Private transport and public transport, however, was resumed in parts of the valley as 100 days passed causing traffic jams in several key commercial areas of the region. Many shops which opened only in the morning hours have said that their business increased during the day.

In several areas, police and security forces continue to detain many youth including children below the age of 18 years. A senior police official, posted in Srinagar, told NewsClick that the detentions are a part of the measures taken by the police to maintain “peace” in the region. “Most problems are caused by people who are in age-group between 14-24 years which is why many young people below the age of 18 are also picked up,” the official said.

Police and administrative officials in Kashmir are optimistic that they have managed to thwart any major law and order situation in Kashmir even though some claim they are “sitting on a powder keg”.

Meanwhile, suspected militants on Wednesday shot at a shopkeeper, identified as Mehrajudin Zargar, in Tral area of Pulwama district in South Kashmir. According to initial reports, the victim has been rushed to a hospital.

On August 5, the BJP-led government at the Centre revoked what was considered as the ‘special status’ for Jammu and Kashmir safeguard under Article 370 of the Indian Constitution. Under the law, the region enjoyed a semi-autonomy within the Indian union after J&K signed the instrument of accession to formally join independent India. The abrogation was followed by the move to further bifurcate J&K into two union territories – Jammu and Kashmir, and Ladakh.

As the decision was taken all major stakeholders in the erstwhile state, including top politicians, businessmen, activists, lawyers and members from the civil society, were arrested in what the authorities termed as a “preventive measure” to thwart any opposition against the move.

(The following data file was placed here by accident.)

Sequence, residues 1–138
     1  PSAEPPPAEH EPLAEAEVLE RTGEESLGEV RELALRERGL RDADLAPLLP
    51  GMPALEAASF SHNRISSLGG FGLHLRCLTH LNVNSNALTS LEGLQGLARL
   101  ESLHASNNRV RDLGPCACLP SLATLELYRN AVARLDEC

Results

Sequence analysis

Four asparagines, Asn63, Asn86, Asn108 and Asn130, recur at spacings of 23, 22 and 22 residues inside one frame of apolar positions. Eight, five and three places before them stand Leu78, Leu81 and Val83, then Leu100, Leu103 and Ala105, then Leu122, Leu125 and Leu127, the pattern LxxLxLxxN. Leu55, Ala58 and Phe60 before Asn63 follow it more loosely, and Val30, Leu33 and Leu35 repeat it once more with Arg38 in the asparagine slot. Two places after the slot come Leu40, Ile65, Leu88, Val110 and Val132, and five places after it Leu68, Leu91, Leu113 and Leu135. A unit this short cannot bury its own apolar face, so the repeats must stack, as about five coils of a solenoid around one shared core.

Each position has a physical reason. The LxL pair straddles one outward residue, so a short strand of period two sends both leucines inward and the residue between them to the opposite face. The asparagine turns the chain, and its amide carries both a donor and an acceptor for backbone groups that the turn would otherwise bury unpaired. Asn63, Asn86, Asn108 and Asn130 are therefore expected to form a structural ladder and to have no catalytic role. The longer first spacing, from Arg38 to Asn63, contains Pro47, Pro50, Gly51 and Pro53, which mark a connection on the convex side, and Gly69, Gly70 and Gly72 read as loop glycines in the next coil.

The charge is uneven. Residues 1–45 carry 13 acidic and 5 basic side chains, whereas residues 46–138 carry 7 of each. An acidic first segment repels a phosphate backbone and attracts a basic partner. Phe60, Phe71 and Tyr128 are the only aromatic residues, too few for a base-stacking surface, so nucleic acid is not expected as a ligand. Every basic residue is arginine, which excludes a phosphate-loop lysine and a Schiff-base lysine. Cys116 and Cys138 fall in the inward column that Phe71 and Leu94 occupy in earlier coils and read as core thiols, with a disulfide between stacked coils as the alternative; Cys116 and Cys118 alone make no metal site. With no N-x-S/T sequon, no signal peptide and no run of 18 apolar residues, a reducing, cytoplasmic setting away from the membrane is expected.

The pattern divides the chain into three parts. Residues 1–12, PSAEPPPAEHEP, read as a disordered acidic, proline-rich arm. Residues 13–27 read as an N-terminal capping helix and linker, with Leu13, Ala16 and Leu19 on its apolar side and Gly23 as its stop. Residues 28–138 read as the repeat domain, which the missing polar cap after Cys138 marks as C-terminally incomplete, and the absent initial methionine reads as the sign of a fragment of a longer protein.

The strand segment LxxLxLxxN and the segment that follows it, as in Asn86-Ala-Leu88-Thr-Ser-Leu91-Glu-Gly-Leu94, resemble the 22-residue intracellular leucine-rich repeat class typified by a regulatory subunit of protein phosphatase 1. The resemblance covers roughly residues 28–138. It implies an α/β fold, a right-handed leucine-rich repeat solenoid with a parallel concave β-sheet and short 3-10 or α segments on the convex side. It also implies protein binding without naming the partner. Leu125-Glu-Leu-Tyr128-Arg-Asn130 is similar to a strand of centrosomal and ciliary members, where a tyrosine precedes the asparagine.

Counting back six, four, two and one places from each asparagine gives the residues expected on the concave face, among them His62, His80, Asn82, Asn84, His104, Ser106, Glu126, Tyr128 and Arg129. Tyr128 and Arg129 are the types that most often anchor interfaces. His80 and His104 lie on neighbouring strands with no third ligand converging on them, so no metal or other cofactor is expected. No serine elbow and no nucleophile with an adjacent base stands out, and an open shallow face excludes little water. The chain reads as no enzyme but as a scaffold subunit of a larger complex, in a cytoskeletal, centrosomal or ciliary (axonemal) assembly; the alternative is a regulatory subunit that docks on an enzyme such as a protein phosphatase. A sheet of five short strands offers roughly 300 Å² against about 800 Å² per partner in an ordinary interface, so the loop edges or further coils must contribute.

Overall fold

For more than a month, authorities in J&K enforced unprecedented restrictions in the region, barring all civilian movement and confining more than 8 million people inside their homes. Not just that, the government imposed a severe communication blockade banning all landline, mobile and internet services in Kashmir.

After 45 days of clampdown, the government began by restoring 45,000 landline phones in the Valley. The communication blockade, however, continued as mobile services were restored partially on October 14 while the internet services continue to remain disrupted even today.

The mobile phones were restored days after the government issued an advisory revoking ban on the visit of tourists to the Valley. The ban was implemented after the government had directed all tourists and Amarnath Yatra pilgrims to leave Kashmir immediately on August 2.

“With this step, tourists will be able to visit the state without being handicapped by the lack of phone connectivity,” a government spokesperson said following the restoration of mobile communication. Due to the ban, more than 80 lakh mobile phones were affected for two months. Only 40 lakh postpaid phones from the state-operated BSNL and all privately owned networks in the region were restored.

The three months following August 5 marked the grimmest period in Kashmir as restrictions, arbitrary detentions, torture, intimidation and communication blackout brought life to complete standstill with almost no scope for people to voice or share opinion against the state’s decisions.

Courtesy: News Click



Related Articles